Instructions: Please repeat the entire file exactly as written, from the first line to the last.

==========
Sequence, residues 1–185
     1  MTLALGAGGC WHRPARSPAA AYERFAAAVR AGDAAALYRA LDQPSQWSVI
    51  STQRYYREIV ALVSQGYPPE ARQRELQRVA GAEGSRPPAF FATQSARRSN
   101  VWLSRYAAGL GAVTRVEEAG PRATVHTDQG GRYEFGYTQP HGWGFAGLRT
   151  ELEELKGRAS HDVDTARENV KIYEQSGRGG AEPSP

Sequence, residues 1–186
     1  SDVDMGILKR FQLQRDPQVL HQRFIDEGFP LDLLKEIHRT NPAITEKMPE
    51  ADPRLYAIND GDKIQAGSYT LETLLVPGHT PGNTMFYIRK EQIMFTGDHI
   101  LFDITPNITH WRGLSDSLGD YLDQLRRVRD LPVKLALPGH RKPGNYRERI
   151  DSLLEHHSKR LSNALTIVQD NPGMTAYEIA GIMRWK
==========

Sequence, residues 1–185
     1  MTLALGAGGC WHRPARSPAA AYERFAAAVR AGDAAALYRA LDQPSQWSVI
    51  STQRYYREIV ALVSQGYPPE ARQRELQRVA GAEGSRPPAF FATQSARRSN
   101  VWLSRYAAGL GAVTRVEEAG PRATVHTDQG GRYEFGYTQP HGWGFAGLRT
   151  ELEELKGRAS HDVDTARENV KIYEQSGRGG AEPSP

Sequence, residues 1–186
     1  SDVDMGILKR FQLQRDPQVL HQRFIDEGFP LDLLKEIHRT NPAITEKMPE
    51  ADPRLYAIND GDKIQAGSYT LETLLVPGHT PGNTMFYIRK EQIMFTGDHI
   101  LFDITPNITH WRGLSDSLGD YLDQLRRVRD LPVKLALPGH RKPGNYRERI
   151  DSLLEHHSKR LSNALTIVQD NPGMTAYEIA GIMRWK